62.4 F

Pittsburgh Pirates Farm System: Fifty Years Ago


In 1962 the Pittsburgh Pirates had seven minor league affiliates. The list of teams is as follows:

AAA: Columbus, International League
A: Asheville, South Atlantic League
B: Kinston, Carolina League
C: North Forks, Northern League
D: Burlington, Midwest League
D: Kingsport, Appalachian League
D: Batavia, New York-Penn League

All of those leagues still exist although the classification for some have changed. In 1963 the minor leagues changed to something closer to the current system, adding AA to the levels and getting rid of the B,C,D classes. Columbus is still a AAA team in the IL, currently an Indians affiliate. The Asheville team moved to AA in 1963, although it was still called the South Atlantic League which is now low-A ball. Kinston was in the Carolina League until 2011, a league that is now one level higher than the SAL. Burlington still has a team and has existed since that 1962 season in the Midwest League. Prior to that they played in the Illinois/Indiana/Iowa League, called the Three-I League for short.

The Northern League now exists as an Independent League and for awhile the league disbanded. Batavia is still in the NYPL, now a Cardinals affiliate and that league is now a short-season league. As for Kingsport, the Pirates left after the 1963 season, the city went six years without a team but since 1969 they have had a major league affiliation every year except 1983. They are currently a Mets farm club.

Grand Forks was in it’s seventh season as a Pirates affiliate in 1962. That year would be their last working together. They became an Indians team in 1963, then Dodgers in 1964 before going 31 years without a team. The town had a team in the Independent Prairie League for two years but nothing since. Besides Grand Forks, the Pirates also dropped Burlington in 1963, adding teams in Reno(California League) and Gastonia(Western Carolinas League) in their place.

The Players

The Columbus team was loaded with former and future Pirates players. Among the players that would move up to the majors, the biggest one would be Willie Stargell, a 22 year old outfielder that would hit 27 homers and drive in 82 runs that year. Other players of note include Gene Alley, Bob Bailey, Donn Clendenon, Tommie Sisk and Bob Veale. Of the 37 players for that team in 1962, twenty-nine of them played in the majors at some point.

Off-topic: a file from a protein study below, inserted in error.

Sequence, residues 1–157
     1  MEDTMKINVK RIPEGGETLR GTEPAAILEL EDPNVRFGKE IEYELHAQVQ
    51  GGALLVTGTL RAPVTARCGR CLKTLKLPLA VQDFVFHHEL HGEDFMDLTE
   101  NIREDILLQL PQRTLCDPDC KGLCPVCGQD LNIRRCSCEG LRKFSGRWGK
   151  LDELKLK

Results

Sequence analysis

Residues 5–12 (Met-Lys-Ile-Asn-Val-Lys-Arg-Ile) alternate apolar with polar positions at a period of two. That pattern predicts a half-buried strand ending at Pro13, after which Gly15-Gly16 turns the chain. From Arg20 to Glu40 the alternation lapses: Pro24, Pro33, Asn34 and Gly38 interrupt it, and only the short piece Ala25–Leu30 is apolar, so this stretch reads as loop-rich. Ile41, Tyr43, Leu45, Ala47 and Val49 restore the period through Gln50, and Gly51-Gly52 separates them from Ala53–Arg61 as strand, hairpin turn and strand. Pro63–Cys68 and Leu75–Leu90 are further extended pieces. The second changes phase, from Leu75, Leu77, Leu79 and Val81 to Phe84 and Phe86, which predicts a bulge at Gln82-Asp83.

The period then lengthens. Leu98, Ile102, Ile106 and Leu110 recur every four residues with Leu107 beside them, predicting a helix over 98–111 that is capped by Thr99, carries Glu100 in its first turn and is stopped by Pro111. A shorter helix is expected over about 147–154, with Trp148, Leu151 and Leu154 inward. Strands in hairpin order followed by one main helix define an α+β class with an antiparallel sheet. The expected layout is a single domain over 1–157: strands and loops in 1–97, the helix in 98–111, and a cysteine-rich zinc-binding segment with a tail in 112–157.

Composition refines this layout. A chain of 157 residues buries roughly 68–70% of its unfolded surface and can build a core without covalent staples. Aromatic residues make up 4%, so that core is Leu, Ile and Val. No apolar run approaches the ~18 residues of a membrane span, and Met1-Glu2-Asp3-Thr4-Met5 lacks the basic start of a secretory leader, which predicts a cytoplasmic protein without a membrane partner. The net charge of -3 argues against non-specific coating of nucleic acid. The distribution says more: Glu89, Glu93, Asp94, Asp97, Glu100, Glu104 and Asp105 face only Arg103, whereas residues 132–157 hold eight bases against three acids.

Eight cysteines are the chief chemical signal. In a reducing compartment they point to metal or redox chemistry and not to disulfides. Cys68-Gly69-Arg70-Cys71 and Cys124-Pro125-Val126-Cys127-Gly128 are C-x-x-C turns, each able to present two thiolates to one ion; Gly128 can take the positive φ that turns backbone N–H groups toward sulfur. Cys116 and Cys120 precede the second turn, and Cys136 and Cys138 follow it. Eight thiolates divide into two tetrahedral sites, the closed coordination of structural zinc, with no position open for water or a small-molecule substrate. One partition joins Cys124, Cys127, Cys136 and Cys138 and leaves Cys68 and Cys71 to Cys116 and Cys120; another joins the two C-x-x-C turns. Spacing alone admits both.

Asheville also had Gene Alley for part of the season, as well as a 20 year old pitcher named Steve Blass. They also had nine other lesser known players who made major league appearances. One of the more notable ones was 45 year old Ray Hathaway, who was the manager. He played one game in 1962, going seven innings as a starting pitcher. He also pitched again in 1964 and 1965. His minor league career began in 1939 and his major league career consisted of just four games for the 1945 Brooklyn Dodgers.

Grand Forks had six major leaguers on it’s roster. The most notable had a lot in common with Hathaway. It was 40 year old outfielder Tom Saffell, who played four seasons for the Pirates(1949-51,1955). He played nine games and even took a turn on the mound. He also made appearances on the field in 1963 and 1964.

The only player from Burlington to make the majors was outfielder Jose Vidal. He played four seasons in the AL(1966-69) and batted under .200 each year. He was a member of the Seattle Pilots during their only season in the majors.

Kinston had seven future major leaguers on it’s roster. Blass spent most of the 1962 season there and longtime Yankee Gene Michael was there all season, his fourth year in the Pirates organization. Also there was pitcher Joe Gibbon, who pitched 248 games for the Pirates. The manager of Kinston was Hardy Peterson, who played four seasons for the Pirates and later became the team’s GM for nine years, including the 1979 season.

The only future major leaguer on Kingsport’s roster was 18 year old catcher Carl Taylor, who played three seasons for the Pirates and six years overall in the majors. He was six years away from his major league debut in 1962. The manager of that team was Albert Kubski, a man who played 16 years in the minors, managed for 14 seasons, yet never made the majors in either role.

Batavia was able to produce two major leaguers, Jerry May and Ron Woods. May was an 18 year old catcher in 1962, just two seasons away from his big league debut. He played parts of seven seasons with the Pirates. Woods took seven seasons to make the majors. He played six seasons, playing for three different teams starting with the 1969 Tigers, who acquired him from the Pirates three years earlier. Batavia’s manager that year was Bob Clear, a winner of 162 minor league games who never made the majors.

Liked this article? Take a second to support Pirates Prospects on Patreon!
Become a patron at Patreon!
John Dreker
John Dreker
John started working at Pirates Prospects in 2009, but his connection to the Pittsburgh Pirates started exactly 100 years earlier when Dots Miller debuted for the 1909 World Series champions. John was born in Kearny, NJ, two blocks from the house where Dots Miller grew up. From that hometown hero connection came a love of Pirates history, as well as the sport of baseball. When he didn't make it as a lefty pitcher with an 80+ MPH fastball and a slider that needed work, John turned to covering the game, eventually focusing in on the prospects side, where his interest was pushed by the big league team being below .500 for so long. John has covered the minors in some form since the 2002 season, and leads the draft and international coverage on Pirates Prospects. He writes daily on Pittsburgh Baseball History, when he's not covering the entire system daily throughout the entire year on Pirates Prospects.

Related Articles

Article Drop

Latest Articles